Brain injury is BIG.

Empowering the severely brain injured and their families via support,
understanding and a network of care.

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A home for Howard

I made the decision very early on that I didn’t feel that I would be able to have Howard at home. I felt that he would require such a high level of care it would not be fair on either him or myself and our young daughter.

In a bizarre way having gotten my head around this at a very early stage it made the inevitable process seem much easier.

So, eventually having spent nearly a year and a half at The Royal Hospital Putney, our Primary Care Team were making noises for Howard to move to the next stage. There wasn’t any pressure, I was just advised to start looking at Nursing Homes and I was given a list of a few homes around my area.

Me, being me, I wasn’t just going to settle for this list but went about looking on the internet for all the Homes around us.

So, what was my criteria?

Location was a huge issue. I wanted Howard to be close enough so that I could continue to visit him on a regular basis.

I didn’t want a Home that was predominantly old people (I am not being ageist but had to think of how Howard would feel around all the oldies and, of course, the environment our daughter would be being brought up in.

I needed a Home that would be able to cater for Howard’s needs. He suffers from extreme spasticity so it was very important that there was access to physiotherapists to assess his ongoing physical needs, splinting, botox etc.

I wanted somewhere that was lively and had lovely grounds where I could take Howard somewhere that had lots of things going on, even if Howard couldn’t participate in them, he could be part of them.

Staff turnover – I wanted a place that employed their staff and didn’t rely on agency staff. I felt that there would be much more continuity this way and Howard would feel in many ways more secure in his surroundings.

So, once this criterion was set in my mind, what did I do next?

Firstly, I visited the Homes on the list that I was given by the PCT. To be honest, it was the first time I had been to a Nursing Home and first impressions seemed so important.

Secondly, I trawled through the internet and made a short list of Homes to initially call and then visit if appropriate. I did find that may of the Homes in the area did not cater for a man in his early 40’s! So my list was quite limited.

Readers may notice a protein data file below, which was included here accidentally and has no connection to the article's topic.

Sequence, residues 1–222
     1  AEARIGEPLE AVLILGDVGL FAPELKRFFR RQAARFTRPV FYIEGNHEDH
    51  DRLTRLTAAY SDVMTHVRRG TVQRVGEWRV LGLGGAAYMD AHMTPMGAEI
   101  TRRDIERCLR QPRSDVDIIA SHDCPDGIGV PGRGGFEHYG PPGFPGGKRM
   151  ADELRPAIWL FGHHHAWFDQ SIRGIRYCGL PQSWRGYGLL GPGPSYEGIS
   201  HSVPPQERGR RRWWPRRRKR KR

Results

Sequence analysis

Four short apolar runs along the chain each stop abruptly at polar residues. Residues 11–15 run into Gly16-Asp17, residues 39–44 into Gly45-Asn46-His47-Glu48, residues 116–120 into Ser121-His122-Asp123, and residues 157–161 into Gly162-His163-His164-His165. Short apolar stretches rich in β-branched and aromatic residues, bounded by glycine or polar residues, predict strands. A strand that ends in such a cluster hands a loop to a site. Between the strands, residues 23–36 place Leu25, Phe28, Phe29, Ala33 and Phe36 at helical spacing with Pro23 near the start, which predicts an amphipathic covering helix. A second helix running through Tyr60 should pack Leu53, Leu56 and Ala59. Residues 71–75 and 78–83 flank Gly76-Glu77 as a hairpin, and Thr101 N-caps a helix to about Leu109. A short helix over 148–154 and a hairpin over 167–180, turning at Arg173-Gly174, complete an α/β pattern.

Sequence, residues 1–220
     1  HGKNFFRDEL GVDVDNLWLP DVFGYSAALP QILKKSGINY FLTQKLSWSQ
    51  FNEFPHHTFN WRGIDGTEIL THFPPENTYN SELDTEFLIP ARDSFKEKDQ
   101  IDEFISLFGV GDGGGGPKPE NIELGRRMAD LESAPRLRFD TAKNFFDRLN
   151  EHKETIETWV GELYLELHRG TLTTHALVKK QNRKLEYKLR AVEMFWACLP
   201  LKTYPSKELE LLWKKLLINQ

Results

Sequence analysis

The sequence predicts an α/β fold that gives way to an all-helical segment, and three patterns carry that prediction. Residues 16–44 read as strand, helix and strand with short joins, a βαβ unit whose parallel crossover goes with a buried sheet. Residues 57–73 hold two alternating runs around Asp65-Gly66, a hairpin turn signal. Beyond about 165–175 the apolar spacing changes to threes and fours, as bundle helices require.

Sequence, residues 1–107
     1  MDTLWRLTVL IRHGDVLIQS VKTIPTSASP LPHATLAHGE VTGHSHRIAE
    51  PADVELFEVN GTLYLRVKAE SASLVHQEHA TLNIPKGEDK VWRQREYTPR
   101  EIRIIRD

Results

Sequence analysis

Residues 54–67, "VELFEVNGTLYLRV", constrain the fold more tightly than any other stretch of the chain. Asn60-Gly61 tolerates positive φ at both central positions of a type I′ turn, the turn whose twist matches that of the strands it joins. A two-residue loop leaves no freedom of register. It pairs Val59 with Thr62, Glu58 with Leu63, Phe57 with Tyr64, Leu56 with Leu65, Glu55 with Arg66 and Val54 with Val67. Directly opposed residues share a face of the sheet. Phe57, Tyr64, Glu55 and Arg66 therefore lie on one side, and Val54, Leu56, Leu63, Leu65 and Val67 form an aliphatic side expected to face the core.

Nursing Home number 1

Finally, I settled on a Home and went about getting the assessment. My only main concern with this Home was that they didn’t have shower trolley facilities but I was assured that this wouldn’t be a problem.

Having been told that they would accept Howard weeks and weeks went past without hearing from them despite my many calls. Eventually, I spoke to them and they told me they didn’t feel they could now cater for Howard’s needs.

It was a bomb shell and I was very upset. It felt like Howard’s life could be just dropped and it didn’t matter and he was just a number – I told the Manager as well!!

Nursing Home number 2

I went for another visit and again started the assessment process. I had learnt a lot from my previous experiences and wasn’t going to make the same mistakes.

Seeing the Home for a second time made me see it in a different light. So one bit of advice from me would be to visit several times and have a check list of what you are looking for. I was given one of these and attach for your use.

This Home ticked all the boxes.

Howard finally moved in August 2009 and yet again the change was huge, life was slower but that doesn’t mean you don’t ask for what you want.

We have been lucky as Howard’s Nursing Home has their own physiotherapy department and resident OT. The Activities Organiser is passionate about her job so is there are always things happening and Howard is involved in many of these.

They also have their own sensory room and lovely well maintained grounds.

I actively involve myself with the Home, after all although it’s not our home it the place Howard now lives.

I am so glad things turned out how they did and I think Howard would be proud.

I am always visiting Howard and therefore always up to date with his therapies, medication and general well being which I feel so important.



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